LEXINGTON, Ky. -- If you want to reduce Saturday's Xavier-Ohio State game to two human metaphors, these are fairly apt:
Greg Oden is 7 feet tall.
Drew Lavender is maybe 5-7.
Oden represents the gigantism of Ohio State University: a campus of 51,818 students, an athletic department with a $102 million budget -- largest in the nation -- and status as the dominant college sports power in the state.
Lavender represents the undersized pluck of Xavier University: a Catholic campus of 6,665 students, a football-free athletic department with an $11 million budget, a school that is overshadowed in its own city by rival Cincinnati.
In the bigger-is-better world of college athletics, you can look at those numbers and understand why the basketball coach at Xavier might conceivably want to upgrade and become the basketball coach at Ohio State. Which is exactly what Buckeyes boss Thad Matta did three years ago.
The Greg Odens of the world don't go to places like Xavier, no matter what they might say (more on that later). They go to places like Ohio State.
Coaches want to go where the players go, and where the big bucks are earned. Matta, fresh off his second contract restructuring in three years, is pulling down about $2 million a year and has nine more years on his deal.
Xavier is an admirably consistent mid-major program, no matter who's sitting in the coach's chair. But Ohio State is a place where you can chase a national championship.
Despite those economic and competitive facts, many Xavier fans don't seem so understanding of Matta's decision to leave Musketeers for Ohio State in 2004. And that has added spice to this round-of-32 game, which has turned into Matta Mania more than a battle to advance to San Antonio.
"I think that's a sad approach to the game," said Matta, during an interview session that went about 20 minutes before anyone asked a question about his current Buckeyes team.
Sad, perhaps, but true. Matta and his move up the food chain still resonates as the story here.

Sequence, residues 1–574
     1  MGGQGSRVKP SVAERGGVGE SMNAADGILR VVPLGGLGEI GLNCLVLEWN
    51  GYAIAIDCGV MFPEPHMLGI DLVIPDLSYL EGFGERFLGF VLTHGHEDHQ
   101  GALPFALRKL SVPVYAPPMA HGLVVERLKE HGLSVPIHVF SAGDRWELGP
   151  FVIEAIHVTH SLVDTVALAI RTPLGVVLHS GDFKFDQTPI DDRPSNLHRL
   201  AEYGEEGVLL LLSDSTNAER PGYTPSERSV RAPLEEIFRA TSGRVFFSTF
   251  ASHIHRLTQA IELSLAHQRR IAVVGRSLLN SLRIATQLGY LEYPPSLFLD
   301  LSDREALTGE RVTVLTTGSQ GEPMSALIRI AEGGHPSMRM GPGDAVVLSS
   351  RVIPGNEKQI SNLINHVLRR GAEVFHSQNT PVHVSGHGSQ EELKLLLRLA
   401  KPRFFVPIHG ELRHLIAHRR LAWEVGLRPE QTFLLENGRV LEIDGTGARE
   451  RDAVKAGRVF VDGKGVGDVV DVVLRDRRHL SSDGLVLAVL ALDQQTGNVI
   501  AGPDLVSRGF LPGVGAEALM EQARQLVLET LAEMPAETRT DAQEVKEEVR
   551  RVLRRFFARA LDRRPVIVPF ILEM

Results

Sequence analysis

The rather sizeable Musketeers fan contingent in Rupp Arena enthusiastically booed Matta on Thursday night when he came out to the floor to scout Xavier up close in its game against Brigham Young. I asked Matta on Friday whether that bothered him, given his 78-23 record there.
"No," he said. "They used to boo me when I coached there. I was very, very accustomed to it."
True fact: Matta was indeed taking some heat in his third year at Xavier, when the Musketeers struggled out to a 10-9 start. What happened thereafter is what eventually landed him at Ohio State.
The Musketeers caught fire, winning 16 of their last 18 games. They gave No. 1 St. Joseph's its first loss of the season, won the Atlantic 10 tournament, then eliminated No. 10 seed Louisville, No. 2 Mississippi State and No. 3 Texas to reach the elite eight. Only a three-point loss to No. 1 Duke kept Xavier out of its first Final Four.
That was enough to catch the eye of former Ohio State athletic director Andy Geiger, who eventually hired Matta. But it was Matta's clumsy -- if not downright disingenuous -- exit that probably caused the lingering resentment from X fans.
Matta at first denied he was a candidate for the job he wound up taking. And he never did explain his decision to his Xavier players, some of whom will be in uniform against the Buckeyes on Saturday.
Matta's explanation: He called Geiger to drop out of the running for the job, Geiger talked him into driving the 100 miles from Cincinnati to Columbus to discuss it, and he wound up taking it. Now he'd like to move past that.
"The great thing is, I knew they were in great hands," Matta said of Xavier. "I knew Sean was going to get the job."
That would be Sean Miller, who once shared a cramped office with Matta when both were assistants to Herb Sendek at Miami (Ohio) in the 1990s. They're close friends, and Miller stood up for Matta on Friday, saying he was "disappointed" that X fans had booed their ex-coach.
"If you're truly a Xavier fan, our program goes way beyond one coach," Miller said. " There's been other coaches that left besides Thad."
Pete Gillen and Skip Prosser, to name a couple. But they stayed longer before moving up the food chain.
Matta's three years in Cincy included some early wooing of Oden and his teammate, Mike Conley Jr. Matta got in on the ground floor with them because he previously worked at Butler in Indianapolis, Oden and Conley's hometown.
When asked whether they might have ended up at Xavier, the two McDonald's All-Americans smiled at each other and played along, saying Matta might have been able to sway them into it.
Doubt it. That's much more easily said than done.
Big talents like Greg Oden go to big schools like Ohio State. So do talented coaches like Thad Matta.
The complications come when you have to play the program you left behind.
Pat Forde is a senior writer for ESPN.com. He can be reached at ESPN4D@aol.com.